WESTBOROUGH – Sweets fill the space within the newly-opened Main Street Pastries and More at the Chauncy Plaza at 135 Turnpike Road.
Cookies, cupcakes, cocoa bombs, truffles, apple turnovers, gingerbread, cheesecake – gluten-free, sugar-free, allergen-free, free for those in need.
At the center of it all – a single mother of five who overcame a lot of obstacles over the past few months.
After deciding to move from Northborough last summer, owner Diana Batista thought it would take about $10,000 to convert a salon that had closed in the plaza at the intersection of Turnpike Road and Lyman Street into a bakery.
“It’s about three times the size. It’s an easy commute for me, and there’s parking,” she said about the new site.
However, the store needed a sewer hookup, a new refrigerator, new stove, floors and ceiling – that $10,000 soon became $100,000.
During this time, Batista also had to deal with heart trouble.
“I have a thyroid condition, and I gained about 100 pounds,” said Batista.
She had a “fibrillation” in July, but thanks to blood and iron transfusions, “my numbers are going down.”
She said she’s fine now, and she credits her family and staff for helping her get through this difficult period.
“It truly is a family,” she said.
In late November, Batista and her crew got the word – all the permits were granted, and the store was ready to open.
“It was the Monday before Thanksgiving,” she said. “We moved nothing but big-ticket items. We brought the cases, and then the boxes and chocolates. We worked all night. We took our first shipment on Tuesday, and we’ve been baking ever since.”
On that Wednesday, the store held a “soft” opening.
“My 80-year-old father was there opening the door,” said Batista.
Mr. James and staff
The bakery includes a separate area to prepare allergen-free and gluten-free items. Batista knows something about allergies, since all five of her children are allergic to something.
It takes a lot of hands to create all the goodies offered by the bakery. This includes the making and selling of cocoa bombs (they sold 53,000 of them last year), along with gourmet cupcakes, custom cakes and more.
Two of those hands belong to James Frey, a Pennsylvania native who’s called “Mr. James” by the staff. That’s to lessen the confusion with the other James – Batista’s son – who works at the bakery.
Frey started baking when he worked at an Auntie Anne’s pretzel place, and he learned how to twist the dough into pretzels. From there, he became a tattoo artist, with a bit of baking on the side. When the pandemic erased his job, Frey joined Main Street Pastries full time.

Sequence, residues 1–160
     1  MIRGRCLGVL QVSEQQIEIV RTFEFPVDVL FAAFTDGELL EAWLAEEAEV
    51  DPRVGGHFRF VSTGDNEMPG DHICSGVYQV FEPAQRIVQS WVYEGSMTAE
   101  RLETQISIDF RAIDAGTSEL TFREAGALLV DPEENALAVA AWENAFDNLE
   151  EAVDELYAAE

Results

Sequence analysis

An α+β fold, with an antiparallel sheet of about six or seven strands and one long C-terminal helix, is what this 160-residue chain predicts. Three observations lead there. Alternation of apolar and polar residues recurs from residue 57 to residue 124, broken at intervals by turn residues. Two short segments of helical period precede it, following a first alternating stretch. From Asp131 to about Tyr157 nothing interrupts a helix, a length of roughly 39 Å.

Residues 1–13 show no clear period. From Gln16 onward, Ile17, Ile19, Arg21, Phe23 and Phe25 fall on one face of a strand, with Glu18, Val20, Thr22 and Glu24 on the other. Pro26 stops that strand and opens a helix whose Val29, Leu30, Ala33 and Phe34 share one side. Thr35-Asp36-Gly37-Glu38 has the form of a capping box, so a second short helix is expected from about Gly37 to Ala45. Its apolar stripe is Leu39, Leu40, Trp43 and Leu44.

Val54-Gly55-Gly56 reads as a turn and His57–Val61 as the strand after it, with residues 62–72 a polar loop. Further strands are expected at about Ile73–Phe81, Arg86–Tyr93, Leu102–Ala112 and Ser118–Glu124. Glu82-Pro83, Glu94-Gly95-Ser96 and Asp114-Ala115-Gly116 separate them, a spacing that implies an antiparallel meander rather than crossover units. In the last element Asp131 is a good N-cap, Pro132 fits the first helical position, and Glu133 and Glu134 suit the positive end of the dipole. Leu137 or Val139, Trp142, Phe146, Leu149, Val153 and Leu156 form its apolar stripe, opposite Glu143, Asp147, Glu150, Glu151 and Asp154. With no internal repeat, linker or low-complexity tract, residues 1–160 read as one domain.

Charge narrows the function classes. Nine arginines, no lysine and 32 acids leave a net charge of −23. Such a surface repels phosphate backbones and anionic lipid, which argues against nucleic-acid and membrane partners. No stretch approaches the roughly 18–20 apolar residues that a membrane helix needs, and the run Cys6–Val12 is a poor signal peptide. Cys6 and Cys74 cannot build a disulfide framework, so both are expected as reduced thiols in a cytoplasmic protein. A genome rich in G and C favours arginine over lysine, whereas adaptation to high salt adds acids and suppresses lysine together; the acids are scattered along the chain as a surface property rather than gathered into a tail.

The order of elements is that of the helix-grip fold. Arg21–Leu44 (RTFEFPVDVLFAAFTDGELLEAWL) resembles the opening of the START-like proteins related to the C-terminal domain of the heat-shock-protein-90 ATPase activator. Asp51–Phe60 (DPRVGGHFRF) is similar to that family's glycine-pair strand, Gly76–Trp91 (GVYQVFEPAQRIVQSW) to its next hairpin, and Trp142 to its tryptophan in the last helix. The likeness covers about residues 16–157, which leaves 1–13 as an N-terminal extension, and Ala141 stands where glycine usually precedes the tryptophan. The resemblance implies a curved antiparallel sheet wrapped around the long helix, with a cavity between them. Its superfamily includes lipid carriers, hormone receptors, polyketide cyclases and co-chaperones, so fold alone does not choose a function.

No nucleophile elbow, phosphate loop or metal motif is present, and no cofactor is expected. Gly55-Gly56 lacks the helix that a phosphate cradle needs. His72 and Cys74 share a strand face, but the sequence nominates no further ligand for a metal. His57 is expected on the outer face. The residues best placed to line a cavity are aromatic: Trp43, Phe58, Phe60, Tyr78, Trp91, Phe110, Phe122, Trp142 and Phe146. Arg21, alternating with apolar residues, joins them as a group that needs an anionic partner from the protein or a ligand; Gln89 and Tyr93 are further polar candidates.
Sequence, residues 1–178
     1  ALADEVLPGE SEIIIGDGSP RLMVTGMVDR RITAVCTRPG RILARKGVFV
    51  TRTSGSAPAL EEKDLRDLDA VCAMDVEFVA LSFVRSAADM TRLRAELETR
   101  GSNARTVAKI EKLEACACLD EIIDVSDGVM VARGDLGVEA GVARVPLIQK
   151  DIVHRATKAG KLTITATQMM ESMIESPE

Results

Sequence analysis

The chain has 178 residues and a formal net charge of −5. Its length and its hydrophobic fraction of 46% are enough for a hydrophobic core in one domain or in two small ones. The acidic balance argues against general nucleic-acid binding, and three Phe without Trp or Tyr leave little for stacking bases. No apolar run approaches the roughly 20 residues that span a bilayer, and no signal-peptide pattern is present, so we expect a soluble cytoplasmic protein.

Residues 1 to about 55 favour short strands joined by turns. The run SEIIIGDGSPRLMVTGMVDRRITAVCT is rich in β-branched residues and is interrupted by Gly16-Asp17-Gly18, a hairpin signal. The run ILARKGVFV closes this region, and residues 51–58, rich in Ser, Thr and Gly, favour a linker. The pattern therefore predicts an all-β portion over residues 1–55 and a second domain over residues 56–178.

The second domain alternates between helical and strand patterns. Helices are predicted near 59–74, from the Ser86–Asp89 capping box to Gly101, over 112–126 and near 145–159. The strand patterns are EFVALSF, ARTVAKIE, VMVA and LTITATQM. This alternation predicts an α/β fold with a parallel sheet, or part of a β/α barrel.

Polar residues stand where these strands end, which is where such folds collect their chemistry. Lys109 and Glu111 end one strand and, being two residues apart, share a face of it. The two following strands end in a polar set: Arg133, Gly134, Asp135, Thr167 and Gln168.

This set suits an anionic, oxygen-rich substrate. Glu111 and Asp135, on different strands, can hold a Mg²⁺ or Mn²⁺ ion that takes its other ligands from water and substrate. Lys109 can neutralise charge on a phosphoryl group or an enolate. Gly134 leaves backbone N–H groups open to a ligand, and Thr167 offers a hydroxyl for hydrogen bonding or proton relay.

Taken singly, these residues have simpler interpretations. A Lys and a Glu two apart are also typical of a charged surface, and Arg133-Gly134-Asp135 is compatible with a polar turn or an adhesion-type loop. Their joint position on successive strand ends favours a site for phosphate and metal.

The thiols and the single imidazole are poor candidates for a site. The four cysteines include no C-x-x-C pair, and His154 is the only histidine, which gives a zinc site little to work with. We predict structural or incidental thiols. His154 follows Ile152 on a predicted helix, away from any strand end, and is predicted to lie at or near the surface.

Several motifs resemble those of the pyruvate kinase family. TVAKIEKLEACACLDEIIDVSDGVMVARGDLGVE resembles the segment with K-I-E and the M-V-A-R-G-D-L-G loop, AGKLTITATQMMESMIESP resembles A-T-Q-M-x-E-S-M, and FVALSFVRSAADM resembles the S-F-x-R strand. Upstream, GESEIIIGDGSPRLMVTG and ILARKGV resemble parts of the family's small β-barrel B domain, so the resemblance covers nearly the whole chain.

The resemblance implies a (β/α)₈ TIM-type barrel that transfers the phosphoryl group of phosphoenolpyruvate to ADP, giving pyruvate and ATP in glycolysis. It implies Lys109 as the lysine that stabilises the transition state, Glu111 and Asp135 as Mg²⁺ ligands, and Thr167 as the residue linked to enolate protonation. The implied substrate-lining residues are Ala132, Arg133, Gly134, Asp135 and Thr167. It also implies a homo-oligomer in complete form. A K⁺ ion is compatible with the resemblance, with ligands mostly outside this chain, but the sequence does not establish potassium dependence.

He’s since created several non-bakery items for the shop, including the design on the coffee mugs and “Elfita,” the elf who comes out in December and July to help the bakery’s customers.
Batista herself is a Hudson native and an alumnus of Assabet Valley Regional Technical High School. She is a hairdresser by trade, though her first job was a baker. Now, Batista has been baking for 35 years and just made the switch to full-time.
The bakery also employs two culinary arts students, and it recently added two new bakers.
“We’re doing well,” said Batista.
Baking up generosity
Donations for worthy causes have been part of Main Street Pastries’ menu since the beginning.
The bakery runs a nonprofit called the Hope Bread program. Started before the COVID-19 pandemic, the program helps less fortunate families access food and other goods.
If an adult staff member receives a tip, that goes right to Hope Bread.
In addition, Main Street Pastries has helped the Fitzgerald Community School purchase the Friend Fridge, and they donate baked goods along with fresh fruits and vegetables and dairy items. They also help Trinity Church with their weekly outreach as well as many veterans groups, schools, hospitals and nonprofits.
“We try to give back,” said Batista.
In the bakery cases, there are rainbow bagels (for Pride Month) and cookies with a cross. She’s received some flak for offering these goods, but the goods remain, and so does Batista’s determination to offer them.
“There’s no hate here at all,” she said.
Busy in the evening
Some bakeries have a breakfast crowd and lunchtime crowd.
For Main Street Pastries and More, the crowd comes in in the morning and after 5 p.m.
According to Batista, that’s because the Route 9 evening commute goes right by the bakery, and people stop in while heading home.
The bakery is open seven days a week from 7 a.m. to 8 p.m.
Main Street Pastries and More is at 135 Turnpike Road, Suite 3. The phone number is 508-330-6300. For the latest, visit mainstreetpastriesandmore.square.site or its Facebook page, www.facebook.com/mainstreetpastriesandmore.